According to recent research, 234 million people in the U.S. over age 13 use a mobile device, and 65 million own a smartphone. By 2012, business mobile users will make up more than 30% of all subscribers in the United States.
In 2009 and 2010, an influx of high capability smartphones and similar handheld computers reached an eager marketplace. Sales of such devices were strong and based on the strength of demand, more producers released even more devices on a variety of operating systems (OSs). The initial popularity of the Apple iPhone was eventually matched by the Google Android OS, while older platforms such as the Research In Motion BlackBerry maintained a significant, albeit shrinking, market share. Many consumers began looking for ways to use their new devices to improve and streamline work-related processes such as checking email. And while employers generally understood that mobile email and other work processes would increase productivity and employee satisfaction, supporting a wide variety of device types and operating systems would be complex, introducing security risks and high costs.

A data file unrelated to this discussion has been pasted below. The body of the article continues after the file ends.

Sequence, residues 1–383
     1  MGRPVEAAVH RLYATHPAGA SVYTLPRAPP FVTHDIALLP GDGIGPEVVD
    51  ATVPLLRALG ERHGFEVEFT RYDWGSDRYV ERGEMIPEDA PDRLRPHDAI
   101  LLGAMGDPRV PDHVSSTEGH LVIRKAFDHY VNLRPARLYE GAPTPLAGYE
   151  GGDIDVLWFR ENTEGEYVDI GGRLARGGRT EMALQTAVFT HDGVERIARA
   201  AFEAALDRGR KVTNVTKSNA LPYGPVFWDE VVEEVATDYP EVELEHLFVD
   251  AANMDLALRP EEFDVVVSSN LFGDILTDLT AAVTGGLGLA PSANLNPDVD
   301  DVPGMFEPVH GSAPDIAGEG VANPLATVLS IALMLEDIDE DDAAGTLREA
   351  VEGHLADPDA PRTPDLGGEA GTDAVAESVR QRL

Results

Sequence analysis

Companies are now seeking ways to extend a business process with utilisation of device technology and features to enhance and en-rich the process - such as taking pictures of field equipment, bar-coding and scanning through mobile devices, track and trace through GPS, voice control amongst others.